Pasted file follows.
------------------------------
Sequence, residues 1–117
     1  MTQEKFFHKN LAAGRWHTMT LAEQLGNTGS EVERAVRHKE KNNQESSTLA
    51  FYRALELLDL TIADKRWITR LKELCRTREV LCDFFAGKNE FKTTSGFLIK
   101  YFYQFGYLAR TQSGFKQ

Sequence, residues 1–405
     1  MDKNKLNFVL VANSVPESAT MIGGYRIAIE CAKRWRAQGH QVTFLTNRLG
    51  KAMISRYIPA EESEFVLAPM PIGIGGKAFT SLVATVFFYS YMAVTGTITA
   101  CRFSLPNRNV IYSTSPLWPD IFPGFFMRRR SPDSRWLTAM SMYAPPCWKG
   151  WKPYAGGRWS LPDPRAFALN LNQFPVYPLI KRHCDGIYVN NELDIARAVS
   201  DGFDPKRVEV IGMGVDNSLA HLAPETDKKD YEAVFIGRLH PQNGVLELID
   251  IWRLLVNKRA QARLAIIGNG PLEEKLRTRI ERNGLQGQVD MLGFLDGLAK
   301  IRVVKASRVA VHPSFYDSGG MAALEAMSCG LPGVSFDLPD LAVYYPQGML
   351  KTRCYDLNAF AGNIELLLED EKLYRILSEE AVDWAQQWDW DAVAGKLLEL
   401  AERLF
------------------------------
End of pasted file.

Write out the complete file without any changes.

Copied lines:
Sequence, residues 1–117
     1  MTQEKFFHKN LAAGRWHTMT LAEQLGNTGS EVERAVRHKE KNNQESSTLA
    51  FYRALELLDL TIADKRWITR LKELCRTREV LCDFFAGKNE FKTTSGFLIK
   101  YFYQFGYLAR TQSGFKQ

Sequence, residues 1–405
     1  MDKNKLNFVL VANSVPESAT MIGGYRIAIE CAKRWRAQGH QVTFLTNRLG
    51  KAMISRYIPA EESEFVLAPM PIGIGGKAFT SLVATVFFYS YMAVTGTITA
   101  CRFSLPNRNV IYSTSPLWPD IFPGFFMRRR SPDSRWLTAM SMYAPPCWKG
   151  WKPYAGGRWS LPDPRAFALN LNQFPVYPLI KRHCDGIYVN NELDIARAVS
   201  DGFDPKRVEV IGMGVDNSLA HLAPETDKKD YEAVFIGRLH PQNGVLELID
   251  IWRLLVNKRA QARLAIIGNG PLEEKLRTRI ERNGLQGQVD MLGFLDGLAK
   301  IRVVKASRVA VHPSFYDSGG MAALEAMSCG LPGVSFDLPD LAVYYPQGML
   351  KTRCYDLNAF AGNIELLLED EKLYRILSEE AVDWAQQWDW DAVAGKLLEL
   401  AERLF